The Great Taos Pot Raid

Somewhere New Mexico native Smokey Bear is hiding in a den and wishing he worked for the friendly folks at the National Park Service rather than the U.S. Forest Service.

On a Saturday not quite three weeks ago four USFS law officers rolled into the Taos Ski Valley with their drug-sniffing dog disrupting the skiing, boarding and Breast Cancer Awareness Day. The show of force ended with a few piddly violation notices for possession of marijuana, one for prescription drugs and another for an equipment violation later called a cracked windshield.

Employee and visitor complaints about the officers ranged from lack of respect to rude and out of line. One parent said he was accosted with his 11-year-old daughter, and others alleged the dog that got in the face of young children had to be muzzled after it bit one of the USFS officers.

Here you have the perfect storm of a public-relations nightmare with USFS backpedaling and covering its como se llama.

The Albuquerque-based chief agent told the Taos News officers were just addressing reports of recreational use of alcohol and drugs but apologized for the tone of the raid. The same top cop told the Albuquerque Journal he didn’t know who authorized the raid and that it might have been a training exercise. A spokesperson for the Carson National Forest, which leases land to the world-known ski area, said no one there got advanced warning agents were coming.

Talk about running for the trees.

Former New Mexico governor and Libertarian Party presidential candidate Gary Johnson lives at Taos Ski Valley and wrote an op-ed piece for the Journal. He couldn’t have been much blunter:

Since when did the Forest Service’s mission come to include dispatching armed agents and dogs halfway across a state to nail windshield violators?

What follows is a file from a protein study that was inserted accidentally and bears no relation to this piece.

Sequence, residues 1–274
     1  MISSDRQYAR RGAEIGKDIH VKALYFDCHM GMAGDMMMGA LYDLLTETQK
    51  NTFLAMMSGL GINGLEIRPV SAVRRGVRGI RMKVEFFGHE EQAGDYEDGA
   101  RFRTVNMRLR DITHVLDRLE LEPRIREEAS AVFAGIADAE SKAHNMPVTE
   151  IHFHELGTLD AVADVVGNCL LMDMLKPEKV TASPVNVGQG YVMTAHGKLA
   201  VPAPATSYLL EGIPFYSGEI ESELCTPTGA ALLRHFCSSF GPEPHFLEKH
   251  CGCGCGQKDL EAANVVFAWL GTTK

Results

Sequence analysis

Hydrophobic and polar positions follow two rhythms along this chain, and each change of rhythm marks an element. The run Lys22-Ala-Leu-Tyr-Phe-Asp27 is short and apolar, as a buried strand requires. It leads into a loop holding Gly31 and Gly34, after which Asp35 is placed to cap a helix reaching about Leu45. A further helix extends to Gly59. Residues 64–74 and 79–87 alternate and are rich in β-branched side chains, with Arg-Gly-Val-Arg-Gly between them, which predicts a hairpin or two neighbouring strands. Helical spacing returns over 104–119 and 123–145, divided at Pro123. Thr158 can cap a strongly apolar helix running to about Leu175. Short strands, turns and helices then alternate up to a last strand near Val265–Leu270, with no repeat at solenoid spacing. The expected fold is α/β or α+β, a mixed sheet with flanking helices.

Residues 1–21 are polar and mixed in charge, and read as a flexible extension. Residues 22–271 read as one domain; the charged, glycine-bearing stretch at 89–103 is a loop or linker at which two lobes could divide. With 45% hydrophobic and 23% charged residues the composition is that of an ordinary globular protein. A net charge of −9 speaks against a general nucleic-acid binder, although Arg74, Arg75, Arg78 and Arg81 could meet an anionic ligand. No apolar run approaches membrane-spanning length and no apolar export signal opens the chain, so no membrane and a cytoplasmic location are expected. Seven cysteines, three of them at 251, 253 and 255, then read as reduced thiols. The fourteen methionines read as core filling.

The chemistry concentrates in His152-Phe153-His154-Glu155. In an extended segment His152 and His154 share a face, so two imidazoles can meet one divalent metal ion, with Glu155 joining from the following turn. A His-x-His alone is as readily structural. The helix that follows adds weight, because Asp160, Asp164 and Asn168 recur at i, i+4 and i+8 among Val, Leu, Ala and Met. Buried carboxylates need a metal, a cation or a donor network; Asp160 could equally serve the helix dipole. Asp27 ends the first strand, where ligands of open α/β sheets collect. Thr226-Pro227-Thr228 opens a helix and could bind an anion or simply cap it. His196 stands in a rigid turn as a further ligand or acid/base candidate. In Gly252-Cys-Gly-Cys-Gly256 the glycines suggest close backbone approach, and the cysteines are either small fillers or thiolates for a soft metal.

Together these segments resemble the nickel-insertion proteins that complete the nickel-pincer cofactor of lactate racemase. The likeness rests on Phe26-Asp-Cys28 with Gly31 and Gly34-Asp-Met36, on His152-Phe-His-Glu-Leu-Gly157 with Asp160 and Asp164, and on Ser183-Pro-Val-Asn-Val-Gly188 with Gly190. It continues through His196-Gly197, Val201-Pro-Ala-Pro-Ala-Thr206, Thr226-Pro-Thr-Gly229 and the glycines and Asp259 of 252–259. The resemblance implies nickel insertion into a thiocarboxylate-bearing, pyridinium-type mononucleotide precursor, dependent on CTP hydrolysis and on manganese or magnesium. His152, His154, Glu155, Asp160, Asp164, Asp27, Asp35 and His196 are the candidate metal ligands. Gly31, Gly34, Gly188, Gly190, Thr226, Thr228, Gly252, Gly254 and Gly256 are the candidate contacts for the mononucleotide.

If they needed to arrest five people for pot possession, they could have saved a trip and gone to any shopping center or public park in America. In fact, I suspect they could have rounded up as many “criminals” in their own parking lot.

Someone, somewhere in the Forest Service apparently woke up one morning and said, “Let’s go to Taos and have some fun harassing skiers and ski area employees who just might have a little marijuana or forget to fasten their seatbelts, and if we step on some constitutional rights, so be it.”

As a taxpayer and a resident who had the honor of serving as New Mexico’s governor, I want to know who came up with this stupid idea. More important, we all deserve to know exactly what overriding national interest is served by using the force of the federal government to frighten people, including little kids, who are just out for a day of skiing, to intimidate a business and its employees, and to create an illusion of crime where there is none.

This kind of federal thuggery happens every day in America, and it has to stop. The only threat to freedom and the common good on that Saturday at the Taos Ski Valley was the federal government … and that’s just wrong.

Today the good people at the Public Employees for Environmental Responsibility came out with the best explanation yet for what happened. Protecting the public? Halting recreational use of pot and alcohol? A training exercise? How about an old-fashion last-century you’ve-got-to-be-kidding quota for writing citations? PEER divulged the USFS expects its law enforcement officers to write 100 citations a year with critics pointing to the Taos raid as the collateral damage of the policy.

PEER also released two USFS emails, one from the Southwest commander reminding officers of the quota set by brass at national headquarters and another after the Taos raid saying officer performance measures didn’t include quotas.

Regardless PEER Executive Director Jeff Ruch said Forest Service rangers deserve better than being reduced to “enforcement ATMs who only dispense tickets” and then added, “The only thing clear is that the Forest Service’s law enforcement program desperately needs a leadership upgrade.”

There is a real problem with pot plantations and meth labs on public lands, but I doubt those growers and cooks ski on the weekends or sign up for events promoting awareness of breast cancer.

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3 thoughts on “The Great Taos Pot Raid

  1. The story quieted down quickly, bumped up with the ex-governor’s op-ed piece and rose again last week with a Journal editorial cartoon showing Smokey Bear drinking in a Taos Tavern and complaining about being bumped by the new mascot, Tokey the Pot-Sniffing Dog (motto: Only you can stop cracked windshields).

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